Is Your Local Radio Or TV Station Breaking News?

breaking news

Is Your Local Radio Or TV Station Breaking News?

Breaking news, more commonly termed as late-breaking news or simply known as special report or news flash and interchangeably referred to as a news special, is an issue which receives heightened media interest and the attention of the general public, which then seeks immediate confirmation from the various media sources about the same. The main aim behind late breaking news is to provide readers or viewers with the breaking news as fast as possible. As such, it becomes necessary to speed up the dissemination of information through electronic media, especially in a technologically advanced modern world where communication and fast sharing of data can be virtually instantaneous. The breaking news is literally “breaking” the story as soon as it breaks. For example, a plane has just crashed at an airbase in Pennsylvania, and the first reports say that there are fatalities and injured survivors.

Within hours of the crash, various news agencies have already issued a number of reports, with some even going into panic mode, issuing numerous reports about the event as if they were themselves in the field covering it. In this case, we are talking about the phenomenon known as “churnalism”. This term was coined by American sociologist Max Weber in his classic treatise, Der Wachkoning und Sport (The World of Sport and Leisure). It basically pertains to the tendency for sports and entertainment programming to be broadcast late at night, or early in the morning in their pursuit of live coverage.

Even if a local newscast is being aired live over the airwaves, viewers who are used to rewind their programmes at specific times may not be willing to wait until the end of the programme to catch up on the breaking news. Breaking news, therefore, needs to be covered not only during the times when the newscast is being aired, but also afterwards, either in the evening or night when the program is being replayed. In a very short period of time, a large portion of a station’s viewers will have stopped watching and tuned in to the channel in question, and any coverage of breaking news therefore needs to be complemented with an equivalent amount of evening programming. For example, if the evening news is being aired, then a news show should also be airing in the evening, giving a maximum exposure to breaking news stories.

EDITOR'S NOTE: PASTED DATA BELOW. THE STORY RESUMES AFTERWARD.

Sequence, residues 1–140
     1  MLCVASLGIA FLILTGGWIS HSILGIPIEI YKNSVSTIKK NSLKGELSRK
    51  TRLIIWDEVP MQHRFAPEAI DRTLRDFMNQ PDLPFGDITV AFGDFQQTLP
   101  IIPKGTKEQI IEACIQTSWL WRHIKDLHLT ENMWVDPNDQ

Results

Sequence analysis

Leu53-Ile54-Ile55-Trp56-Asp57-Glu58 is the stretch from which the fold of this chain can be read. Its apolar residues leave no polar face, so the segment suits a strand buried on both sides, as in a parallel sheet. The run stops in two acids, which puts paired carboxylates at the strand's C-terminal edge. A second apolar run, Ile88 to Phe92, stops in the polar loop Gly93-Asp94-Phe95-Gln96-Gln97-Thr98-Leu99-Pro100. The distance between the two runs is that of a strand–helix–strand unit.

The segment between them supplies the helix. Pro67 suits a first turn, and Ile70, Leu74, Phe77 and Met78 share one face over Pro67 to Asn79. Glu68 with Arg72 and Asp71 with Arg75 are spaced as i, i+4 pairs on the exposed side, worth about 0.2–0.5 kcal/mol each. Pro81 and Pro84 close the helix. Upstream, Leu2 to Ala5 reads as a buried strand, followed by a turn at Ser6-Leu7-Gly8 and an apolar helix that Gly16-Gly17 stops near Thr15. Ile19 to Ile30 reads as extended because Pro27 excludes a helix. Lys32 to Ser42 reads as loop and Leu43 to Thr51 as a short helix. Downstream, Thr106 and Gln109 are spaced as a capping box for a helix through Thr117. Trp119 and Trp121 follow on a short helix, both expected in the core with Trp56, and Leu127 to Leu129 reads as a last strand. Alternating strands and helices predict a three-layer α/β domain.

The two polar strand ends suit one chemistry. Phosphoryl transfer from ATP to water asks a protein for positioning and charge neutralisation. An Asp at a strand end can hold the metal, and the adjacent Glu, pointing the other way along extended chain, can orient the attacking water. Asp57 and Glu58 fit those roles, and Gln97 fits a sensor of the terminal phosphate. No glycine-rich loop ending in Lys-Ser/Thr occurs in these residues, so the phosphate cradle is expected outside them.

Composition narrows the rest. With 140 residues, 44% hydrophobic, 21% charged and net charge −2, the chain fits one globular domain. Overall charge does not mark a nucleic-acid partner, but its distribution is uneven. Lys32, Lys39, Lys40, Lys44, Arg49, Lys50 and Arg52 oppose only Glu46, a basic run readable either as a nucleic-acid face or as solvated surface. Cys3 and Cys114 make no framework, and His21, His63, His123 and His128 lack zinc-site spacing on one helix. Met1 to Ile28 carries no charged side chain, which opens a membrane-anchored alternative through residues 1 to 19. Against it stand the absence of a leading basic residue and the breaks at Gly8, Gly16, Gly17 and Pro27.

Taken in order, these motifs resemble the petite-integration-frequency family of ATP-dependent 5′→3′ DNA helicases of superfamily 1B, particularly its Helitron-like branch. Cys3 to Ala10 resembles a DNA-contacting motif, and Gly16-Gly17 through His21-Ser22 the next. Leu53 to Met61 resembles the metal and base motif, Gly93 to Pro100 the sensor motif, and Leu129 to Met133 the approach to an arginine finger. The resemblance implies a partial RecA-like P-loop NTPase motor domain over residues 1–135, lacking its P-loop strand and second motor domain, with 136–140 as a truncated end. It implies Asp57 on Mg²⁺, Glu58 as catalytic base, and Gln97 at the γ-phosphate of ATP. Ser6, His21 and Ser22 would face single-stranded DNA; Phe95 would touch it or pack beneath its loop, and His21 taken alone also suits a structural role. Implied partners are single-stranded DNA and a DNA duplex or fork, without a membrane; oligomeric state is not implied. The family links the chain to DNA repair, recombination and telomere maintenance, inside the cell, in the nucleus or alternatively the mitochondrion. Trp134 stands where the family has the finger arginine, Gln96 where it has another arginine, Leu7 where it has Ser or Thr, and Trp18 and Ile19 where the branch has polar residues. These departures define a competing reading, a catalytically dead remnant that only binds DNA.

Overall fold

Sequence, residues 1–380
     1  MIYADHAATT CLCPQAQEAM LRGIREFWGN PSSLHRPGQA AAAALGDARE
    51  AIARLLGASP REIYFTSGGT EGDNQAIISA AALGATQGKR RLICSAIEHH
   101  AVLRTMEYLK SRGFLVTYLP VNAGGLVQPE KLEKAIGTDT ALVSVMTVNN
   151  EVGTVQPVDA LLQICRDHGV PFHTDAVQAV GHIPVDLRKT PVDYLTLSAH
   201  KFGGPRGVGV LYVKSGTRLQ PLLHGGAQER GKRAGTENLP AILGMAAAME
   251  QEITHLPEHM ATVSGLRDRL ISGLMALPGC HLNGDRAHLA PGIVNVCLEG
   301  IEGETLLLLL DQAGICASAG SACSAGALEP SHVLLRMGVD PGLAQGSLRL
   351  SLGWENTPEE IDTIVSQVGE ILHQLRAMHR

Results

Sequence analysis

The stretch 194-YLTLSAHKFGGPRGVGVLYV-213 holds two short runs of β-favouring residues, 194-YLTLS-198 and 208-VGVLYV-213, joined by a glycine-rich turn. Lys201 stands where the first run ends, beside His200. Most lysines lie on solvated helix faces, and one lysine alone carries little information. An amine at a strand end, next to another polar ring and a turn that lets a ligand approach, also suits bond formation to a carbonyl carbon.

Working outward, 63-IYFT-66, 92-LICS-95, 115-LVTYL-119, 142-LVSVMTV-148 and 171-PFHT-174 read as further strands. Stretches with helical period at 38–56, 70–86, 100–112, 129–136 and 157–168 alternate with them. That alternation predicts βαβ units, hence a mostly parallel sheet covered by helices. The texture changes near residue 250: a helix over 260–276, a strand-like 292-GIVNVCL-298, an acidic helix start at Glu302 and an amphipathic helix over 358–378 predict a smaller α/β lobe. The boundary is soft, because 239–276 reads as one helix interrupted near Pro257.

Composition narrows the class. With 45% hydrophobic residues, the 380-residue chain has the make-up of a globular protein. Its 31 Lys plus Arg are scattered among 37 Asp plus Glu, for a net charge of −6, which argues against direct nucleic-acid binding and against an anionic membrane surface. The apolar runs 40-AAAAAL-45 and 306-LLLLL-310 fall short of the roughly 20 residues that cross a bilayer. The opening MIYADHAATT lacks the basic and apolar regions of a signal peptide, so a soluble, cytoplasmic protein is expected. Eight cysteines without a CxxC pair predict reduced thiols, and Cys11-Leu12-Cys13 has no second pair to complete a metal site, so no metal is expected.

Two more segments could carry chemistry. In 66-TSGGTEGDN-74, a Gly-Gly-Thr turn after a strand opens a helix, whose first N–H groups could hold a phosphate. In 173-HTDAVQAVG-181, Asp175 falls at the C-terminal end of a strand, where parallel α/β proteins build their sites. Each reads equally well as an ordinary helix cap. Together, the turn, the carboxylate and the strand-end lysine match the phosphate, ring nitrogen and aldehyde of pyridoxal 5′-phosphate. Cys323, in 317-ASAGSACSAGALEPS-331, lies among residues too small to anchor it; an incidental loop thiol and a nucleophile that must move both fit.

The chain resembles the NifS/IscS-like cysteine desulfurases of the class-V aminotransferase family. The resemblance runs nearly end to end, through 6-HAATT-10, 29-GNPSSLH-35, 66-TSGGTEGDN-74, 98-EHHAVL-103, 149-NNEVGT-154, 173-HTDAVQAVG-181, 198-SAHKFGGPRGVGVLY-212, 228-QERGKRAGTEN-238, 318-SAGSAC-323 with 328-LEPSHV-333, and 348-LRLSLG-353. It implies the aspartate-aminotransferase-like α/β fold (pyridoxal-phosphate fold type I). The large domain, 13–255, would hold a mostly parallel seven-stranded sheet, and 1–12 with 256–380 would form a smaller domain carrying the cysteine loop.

Breaking news outlets differ in their requirements for breaking coverage, and the manner in which they require their content to be disseminated. Some outlets simply need a brief synopsis of any relevant developments, containing the name of the city, county and state as well as the identity of the person reporting the news. These types of reports are often referred to as “breaking news bites” and will usually appear either at the beginning of the programme or at the end, often times in an introspective style, as if the viewer wishes to mull over the reporting and the events it covers before being able to respond. Other news outlets, however, will require a more comprehensive report, with in-depth descriptions and the whole story as it unfolds.

The first thing that most viewers will notice about your local stations is that they will often air your local sports channel first, whether it’s the local basketball league a local football team or a specific sport such as snowboarding or snowshoeing. This is because sports stories are easier to relive and easier to incorporate into entertainment for the majority of viewers. Similarly, when a newscast comes onto the screen, it will almost invariably feature some form of breaking news – be it a major development in a natural disaster, an act of violence or a new product being launched. It may feature breaking reports on local businesses, trends and gossip.

While the overall tone of your local stations’ coverage of breaking news is very different from that of broadcast media outlets, there is one key similarity: all news outlets strive for consistency. All want to maintain the same appearance, have the same reporting and delivery style and are keen to provide similar features and the same content. Therefore, whether you’re watching a newscast on television, listening to the radio or reading a news blog online, the tone and message should be consistent. When the tone and content of a station’s coverage differ significantly from that of other media, this should be considered a red flag and you should avoid that station altogether.